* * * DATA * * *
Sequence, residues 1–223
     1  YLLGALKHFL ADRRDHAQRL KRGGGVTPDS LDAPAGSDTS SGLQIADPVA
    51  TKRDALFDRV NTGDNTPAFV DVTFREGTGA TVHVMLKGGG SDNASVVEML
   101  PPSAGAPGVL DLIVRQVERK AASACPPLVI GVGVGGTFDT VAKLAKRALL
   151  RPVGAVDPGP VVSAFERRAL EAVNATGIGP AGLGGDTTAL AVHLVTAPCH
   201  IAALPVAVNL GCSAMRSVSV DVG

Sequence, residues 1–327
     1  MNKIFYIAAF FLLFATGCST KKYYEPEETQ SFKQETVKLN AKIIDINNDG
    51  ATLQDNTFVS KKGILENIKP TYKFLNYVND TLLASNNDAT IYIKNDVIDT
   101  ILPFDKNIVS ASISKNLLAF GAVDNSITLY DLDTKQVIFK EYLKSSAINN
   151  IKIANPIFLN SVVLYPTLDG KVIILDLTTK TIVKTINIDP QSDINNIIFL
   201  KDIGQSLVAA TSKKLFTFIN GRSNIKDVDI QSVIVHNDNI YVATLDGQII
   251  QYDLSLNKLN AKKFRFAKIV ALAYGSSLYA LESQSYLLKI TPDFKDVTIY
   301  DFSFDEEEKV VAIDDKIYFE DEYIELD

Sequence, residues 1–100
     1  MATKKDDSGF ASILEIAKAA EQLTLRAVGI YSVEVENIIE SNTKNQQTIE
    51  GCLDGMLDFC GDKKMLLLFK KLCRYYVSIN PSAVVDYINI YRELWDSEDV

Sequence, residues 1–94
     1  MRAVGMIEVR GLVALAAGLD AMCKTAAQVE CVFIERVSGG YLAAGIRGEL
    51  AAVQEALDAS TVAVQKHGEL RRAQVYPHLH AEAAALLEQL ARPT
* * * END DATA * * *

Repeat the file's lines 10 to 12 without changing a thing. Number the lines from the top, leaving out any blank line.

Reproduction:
   101  ILPFDKNIVS ASISKNLLAF GAVDNSITLY DLDTKQVIFK EYLKSSAINN
   151  IKIANPIFLN SVVLYPTLDG KVIILDLTTK TIVKTINIDP QSDINNIIFL
   201  KDIGQSLVAA TSKKLFTFIN GRSNIKDVDI QSVIVHNDNI YVATLDGQII